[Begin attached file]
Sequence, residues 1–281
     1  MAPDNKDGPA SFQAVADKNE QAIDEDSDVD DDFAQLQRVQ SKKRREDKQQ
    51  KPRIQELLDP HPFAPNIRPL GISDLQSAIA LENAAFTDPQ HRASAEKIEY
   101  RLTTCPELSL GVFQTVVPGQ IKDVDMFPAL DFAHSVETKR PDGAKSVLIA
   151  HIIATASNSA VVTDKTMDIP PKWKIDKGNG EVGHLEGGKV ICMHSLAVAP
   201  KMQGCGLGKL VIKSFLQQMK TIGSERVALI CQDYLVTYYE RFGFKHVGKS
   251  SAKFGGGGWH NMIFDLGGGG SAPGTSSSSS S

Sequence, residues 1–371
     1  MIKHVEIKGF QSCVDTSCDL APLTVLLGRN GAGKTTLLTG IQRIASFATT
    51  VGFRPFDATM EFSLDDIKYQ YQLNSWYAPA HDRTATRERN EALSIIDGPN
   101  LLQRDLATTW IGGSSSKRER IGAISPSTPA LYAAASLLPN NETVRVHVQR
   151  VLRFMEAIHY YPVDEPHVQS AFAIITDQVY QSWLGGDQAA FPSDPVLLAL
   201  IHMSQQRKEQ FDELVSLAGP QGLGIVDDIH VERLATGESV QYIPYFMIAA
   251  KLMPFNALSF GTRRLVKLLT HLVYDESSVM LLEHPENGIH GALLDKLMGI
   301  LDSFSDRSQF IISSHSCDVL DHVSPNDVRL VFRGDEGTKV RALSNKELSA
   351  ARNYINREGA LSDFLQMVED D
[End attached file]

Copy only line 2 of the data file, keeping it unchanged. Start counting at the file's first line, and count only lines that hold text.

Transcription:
     1  MAPDNKDGPA SFQAVADKNE QAIDEDSDVD DDFAQLQRVQ SKKRREDKQQ